Credit: Tim Foley Illustration

Criminal defense attorney Kevin Kearon is a former Nassau assistant district attorney and a past president of the Nassau Criminal Courts Bar Association.

The avalanche of disclosures that led to the sudden closing of the Nassau County Police crime laboratory is chilling, and the implications staggering.

The county now faces the likelihood of false convictions and the reversal of valid ones in potentially thousands of cases as a result of shoddy lab work. The county also faces liability in a possible cascade of lawsuits stemming from overturned convictions.

What emerged as a series of relatively benign laboratory shortcomings has mushroomed into what appears to be an appalling pattern of unprofessional conduct, scandalous negligence, ineptitude, grossly inadequate training, lack of supervision and bad science. Convictions dating from at least 2006, when the lab was first placed on probation, and maybe earlier, are now suspect, as are all pending lab-based criminal prosecutions.

Four years ago the lab was placed on probation by the American Society of Crime Laboratory Directors for serious shortcomings. Late in 2010, at the request of the New York State Commission on Forensic Science and others, another inspection was done and resulted in the lab being placed on probation a second time, a dubious distinction without precedent in the United States. On Feb. 10, testing for narcotics was stopped, and the entire lab was closed a week later. And on Friday, Gov. Andrew M. Cuomo appointed state Inspector General Ellen N. Biben as special prosecutor in the case.

The apparent lack of integrity at the crime lab undermines the credibility of the police department, the district attorney's office and, most important, the public's confidence in the fair administration of justice in Nassau County.

Nothing is worse than a false conviction. Can you even imagine your life unraveled because of one? There are innumerable reasons why people end up charged with and often convicted of crimes they didn't commit. Forensic evidence, such as blood samples, fingerprint and hair analysis, is crucial to establish the correct identity of perpetrators. Ballistics evidence is indispensable to establish that a particular gun was used in a shooting. Blood and breath evidence analysis is critical in drunken-driving prosecutions and vehicular homicide cases. Even crime victims don't want to see the wrong person convicted.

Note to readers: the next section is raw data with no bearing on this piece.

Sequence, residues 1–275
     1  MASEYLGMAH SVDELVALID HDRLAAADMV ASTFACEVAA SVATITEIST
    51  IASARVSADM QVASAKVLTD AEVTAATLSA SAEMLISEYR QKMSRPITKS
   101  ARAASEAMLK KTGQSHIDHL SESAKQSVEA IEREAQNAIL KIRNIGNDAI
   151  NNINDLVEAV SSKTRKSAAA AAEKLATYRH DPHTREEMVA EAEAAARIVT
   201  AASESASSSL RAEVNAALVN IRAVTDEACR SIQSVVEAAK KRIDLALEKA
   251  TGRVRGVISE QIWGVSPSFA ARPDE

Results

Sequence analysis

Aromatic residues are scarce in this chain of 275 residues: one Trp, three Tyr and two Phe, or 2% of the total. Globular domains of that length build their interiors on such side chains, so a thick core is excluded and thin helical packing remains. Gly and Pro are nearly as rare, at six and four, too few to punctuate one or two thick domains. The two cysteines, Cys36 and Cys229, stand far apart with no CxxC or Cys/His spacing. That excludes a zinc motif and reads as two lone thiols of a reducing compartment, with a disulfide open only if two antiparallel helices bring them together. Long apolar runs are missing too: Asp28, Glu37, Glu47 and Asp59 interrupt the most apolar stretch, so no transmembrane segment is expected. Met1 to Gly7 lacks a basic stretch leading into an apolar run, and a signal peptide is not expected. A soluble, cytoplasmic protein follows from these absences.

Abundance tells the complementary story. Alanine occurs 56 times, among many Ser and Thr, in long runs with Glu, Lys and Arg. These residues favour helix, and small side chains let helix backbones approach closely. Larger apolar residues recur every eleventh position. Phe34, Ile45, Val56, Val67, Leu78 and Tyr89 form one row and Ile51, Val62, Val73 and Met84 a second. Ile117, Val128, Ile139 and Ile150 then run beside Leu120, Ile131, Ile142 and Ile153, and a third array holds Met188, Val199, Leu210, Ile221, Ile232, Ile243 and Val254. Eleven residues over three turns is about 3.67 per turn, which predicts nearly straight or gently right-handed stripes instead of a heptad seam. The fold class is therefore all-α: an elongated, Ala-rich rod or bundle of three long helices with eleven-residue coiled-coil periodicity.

The criminal justice system is only as good as its players. Without fair-minded, even-handed judges, ethical prosecutors, zealous defense lawyers and honest police officers, the system collapses and injustices abound. Honest police work is essential for the system to be fair. The Bill of Rights was not written to protect citizens against overzealous defense attorneys, but against unscrupulous or incapable government officials, often motivated by a "win-at-any-cost" approach to law enforcement.


The tsunami of allegations involving the lab left county officials with little choice but to close it. This was done without any plan for its replacement beyond trying to figure out how to outsource most scientific testing at enormous expense to a county already on the financial brink.

Given the scale of the failures and the revelation that the police knew about them, the question naturally arises: Was there a cover-up?

No one is alleging criminal violations or ethical lapses. Yet. But it's no secret to anyone who has spent significant time around the criminal courts that dishonest and incompetent police work does happen and sometimes results in police perjury.

Anyone who watches "CSI" on TV can imagine what chaos reigns when integrity takes a holiday at a crime lab. When department officials and perhaps others have known for years of the lab's shortcomings and only now let the rest of us in on it, the integrity of the entire criminal justice system suffers. When ethical prosecutions of criminal cases are made impossible by unethical treatment of forensic evidence, such integrity is lost altogether.

Scan the world and witness the difference between America and places where barbarism reigns. What separates us is respect for an individual's right to life, liberty, the pursuit of happiness and due process.

Due process is synonymous with fairness. The terms are interchangeable. Due process ensures that the important time-tested safeguards against false accusation and conviction are implemented.

A life can be turned upside down in a New York minute by a falsely positive drug test. All drug testing, most driving-while-intoxicated prosecutions, blood sample analyses, and fingerprint and ballistics testing rely on the legitimacy of scientific testing protocols.


Why do we have a presumption of innocence? To guard against the natural human tendency to presume guilt once an arrest has been made.

Why do we acknowledge a citizen's right to remain silent? To discourage harsh police interrogations that could induce false confessions.

Why does the prosecutor bear the burden of proof? Because those who accuse must prove they're right.

Why must a jury verdict be unanimous in criminal cases? Because we want to be sure of guilt before we subject a human being to the indignity of incarceration.

Why do we demand proof beyond a reasonable doubt? Because we don't want to imprison people who might be innocent.

We demand more. And when a case involves lab evidence, it must be absolutely reliable - as Nassau County's apparently has not been.

Liberty is sacred. It can't be entrusted to a system that falls short of these standards.

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